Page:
'Charlie' to begin new ride with modern fare system By Anthony Flint and Mac Daniel, Globe Staff | November 9, 2004
T riders will soon be carrying the CharlieCard instead of tokens or monthly passes, an automated fare card with a back-to-the-future theme.
Instead of ''Charlie" being stuck on Hub trains, as in the song popularized by the Kingston Trio in 1959, he is portrayed on the cards as triumphantly returning to modern-day Boston to ride the transit system with ease.
Governor Mitt Romney joined the banjo-strumming trio to sing ''Charlie on the MTA" at the card announcement outside the Government Center T Station yesterday. State officials say the aim is to give automated fare collection a friendly face with cultural and historic links to Boston.
Some riders, particularly the young, had no clue about Charlie.
''I thought maybe it had something to do with the Charles River," said Kara Kitner of Boston, emerging from a Green Line trolley. When the reference was explained, she predicted, ''People won't know."
Ted Holmes of Newton agreed. ''Ask anyone under 30: Charlie just isn't going to mean anything," he said. ''It was almost 60 years ago."
The song -- known popularly as ''Charlie on the MTA" (the system was then called the Metropolitan Transit Authority, the precursor to today's Massachusetts Bay Transportation Authority) -- was written as a campaign ditty in 1948 for a candidate opposed to a fare hike. The fictional Charlie enters the system, but doesn't have a nickel to pay an exit fare, required at the time, so he rides ''forever 'neath the streets of Boston . . . the man who never returned."
MBTA General Manager Michael Mulhern said the T's marketing experts warned that Charlie might not be recognized.
''It did come up when we were weighing the pros and cons of the different names, but we wanted a card with a strong connection to Boston, Boston's history, and at same time weave in some MBTA history, and the song does that," Mulhern said. ''It transcends generations. And now we have a fictional character all our own, that is uniquely Boston's, that other transit systems don't have."
As the $140 million automated fare collection system is phased in -- the cards will be usable first on Silver Line buses along Washington Street in February, then on the Blue Line in the spring, and finally systemwide by 2006 -- there will actually be two cards.
One will be the CharlieCard, targeted at frequent riders, a plastic card with a computer chip, which will be used like a debit or credit card or the FastLane toll pass. Riders and employers will obtain cards at stations or online and stock it with whatever dollar amount they choose; fares will be deducted whenever they wave it near sensors at new subway turnstiles or aboard buses. The T is planning to cut a deal with a bank so that the CharlieCard can be easily replenished and used to buy other items as well.
The CharlieTicket is a paper version that will be available at station vending machines for more occasional commuters. Riders insert either cash or a credit or debit card and get the fare card stocked with the amount of money they indicate. The paper cards must be run through a magnetic-strip reader.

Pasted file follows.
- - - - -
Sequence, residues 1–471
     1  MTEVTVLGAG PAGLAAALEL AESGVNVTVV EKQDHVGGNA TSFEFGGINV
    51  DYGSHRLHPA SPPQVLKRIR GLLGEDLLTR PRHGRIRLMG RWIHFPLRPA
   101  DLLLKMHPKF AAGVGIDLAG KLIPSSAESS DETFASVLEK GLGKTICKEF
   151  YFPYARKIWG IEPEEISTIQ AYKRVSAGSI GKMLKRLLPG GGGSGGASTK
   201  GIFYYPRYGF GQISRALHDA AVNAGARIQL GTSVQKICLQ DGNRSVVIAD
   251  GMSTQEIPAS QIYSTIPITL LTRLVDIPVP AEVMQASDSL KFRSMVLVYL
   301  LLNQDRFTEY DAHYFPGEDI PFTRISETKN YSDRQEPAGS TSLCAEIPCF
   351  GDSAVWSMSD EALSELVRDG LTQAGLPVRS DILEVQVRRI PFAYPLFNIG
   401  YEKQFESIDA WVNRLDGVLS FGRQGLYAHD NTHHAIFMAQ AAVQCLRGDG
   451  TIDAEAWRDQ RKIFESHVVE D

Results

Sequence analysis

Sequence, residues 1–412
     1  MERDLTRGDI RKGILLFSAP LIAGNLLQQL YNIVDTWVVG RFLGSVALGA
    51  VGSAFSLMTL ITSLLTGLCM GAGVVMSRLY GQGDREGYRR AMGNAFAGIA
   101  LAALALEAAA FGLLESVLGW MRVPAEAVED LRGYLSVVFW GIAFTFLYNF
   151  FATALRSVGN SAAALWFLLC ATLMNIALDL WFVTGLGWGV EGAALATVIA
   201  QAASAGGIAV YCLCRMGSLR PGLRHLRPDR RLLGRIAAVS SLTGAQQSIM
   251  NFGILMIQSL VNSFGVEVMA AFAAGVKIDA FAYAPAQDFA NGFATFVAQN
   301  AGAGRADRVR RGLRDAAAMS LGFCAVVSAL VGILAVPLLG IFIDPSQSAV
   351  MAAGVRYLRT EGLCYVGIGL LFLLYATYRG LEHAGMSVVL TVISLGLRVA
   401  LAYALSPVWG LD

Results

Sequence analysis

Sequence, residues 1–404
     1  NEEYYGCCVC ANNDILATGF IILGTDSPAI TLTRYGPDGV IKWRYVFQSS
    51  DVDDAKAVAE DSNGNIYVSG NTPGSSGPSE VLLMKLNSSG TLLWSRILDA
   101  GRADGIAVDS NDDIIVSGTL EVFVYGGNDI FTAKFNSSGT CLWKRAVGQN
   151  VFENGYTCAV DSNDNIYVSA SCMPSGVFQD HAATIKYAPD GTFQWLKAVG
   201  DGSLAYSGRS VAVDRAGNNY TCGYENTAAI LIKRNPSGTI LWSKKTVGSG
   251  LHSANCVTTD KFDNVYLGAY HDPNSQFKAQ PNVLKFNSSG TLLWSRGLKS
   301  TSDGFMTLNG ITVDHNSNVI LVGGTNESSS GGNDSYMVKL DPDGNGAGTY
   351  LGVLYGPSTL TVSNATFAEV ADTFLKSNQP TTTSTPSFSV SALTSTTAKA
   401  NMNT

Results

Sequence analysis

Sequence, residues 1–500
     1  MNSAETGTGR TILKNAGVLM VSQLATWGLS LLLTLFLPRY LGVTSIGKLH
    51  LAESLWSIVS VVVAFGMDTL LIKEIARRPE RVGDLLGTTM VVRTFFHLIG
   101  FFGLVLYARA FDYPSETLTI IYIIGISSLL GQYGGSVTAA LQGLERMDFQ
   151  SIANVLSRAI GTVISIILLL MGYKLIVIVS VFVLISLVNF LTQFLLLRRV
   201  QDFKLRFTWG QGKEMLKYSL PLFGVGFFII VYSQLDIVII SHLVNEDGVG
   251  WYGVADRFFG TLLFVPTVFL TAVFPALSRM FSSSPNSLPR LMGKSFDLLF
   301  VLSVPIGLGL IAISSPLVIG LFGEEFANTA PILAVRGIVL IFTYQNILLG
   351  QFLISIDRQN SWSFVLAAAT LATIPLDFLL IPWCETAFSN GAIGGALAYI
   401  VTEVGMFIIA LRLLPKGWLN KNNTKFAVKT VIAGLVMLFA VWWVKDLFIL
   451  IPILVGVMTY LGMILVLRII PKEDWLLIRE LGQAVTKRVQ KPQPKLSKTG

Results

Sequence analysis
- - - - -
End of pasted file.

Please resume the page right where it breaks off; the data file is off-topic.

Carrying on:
Both the paper and plastic cards show a smiling man dressed in 1950s attire, sitting on a Green Line trolley with one hand holding his hat and the other out the window, clutching a green card that appears to be glowing. In the song, he is reaching for a sandwich delivered by his wife.
Before selecting the name in the $29,000 marketing effort, the T studied fare card names in other cities: the Oyster in London, the Octopus in Hong Kong, the Orca in Seattle, and the Breeze in Atlanta. Names considered included T Zap, T Go, T Card, and T Liberty.
''Finally, the right idea won," said Coco Delgado, 39, an executive assistant from Somerville and a Red Line rider who supported the Charlie name the moment she heard about it. ''It's friendly. It's definitely Boston . . . and it's got a catchy theme song built right in."
As for some younger T riders not getting the Charlie reference, Delgado said, ''Get the Dropkick Murphys to record a version of it, and you're golden."
Some riders said they mostly looked forward to the convenience of the cards, whatever they are called. ''That's going to make it a whole lot easier," said Debbie McDougall of Augusta, Maine, feeding dollar bills into a token machine.
Mary Alice Guilford of Boston, however, begged to differ. ''It's just another card we'll have to carry around all the time," she said. ''Aren't we controlled enough by all the plastic?"
State Senator Jarrett T. Barrios said he had concerns about privacy with the new fare cards, since data on passengers can be stored for 14 months. The Cambridge Democrat cited a recent court case in which a driver's FastLane records were used to show a defendant's whereabouts.
Jodi Sugerman-Brozan -- a member of the T Riders Union and the Rider Oversight Committee, a watchdog panel -- said the CharlieCard is ''fun, it's different, and better than just calling it the T card."
But, she said, the cards should come with new discount packages for regular riders, different pricing for off-peak use, and a new bus-subway transfer policy.
The new cards were unveiled in a white tent set up outside the Government Center station on City Hall Plaza, at an event attended by Romney, Mulhern, state Transportation Secretary Daniel A. Grabauskas, and Richard Doyle, regional administrator for the Federal Transit Administration, which is providing some funding for the conversion.
The Kingston Trio, with one original member, performed the song, and the governor, who is not known for hamming it up, stood to one side holding a microphone and sang along on the first verse and all choruses, which he knew by heart. ''I've always wanted to do that, since about the fifth grade," he said later.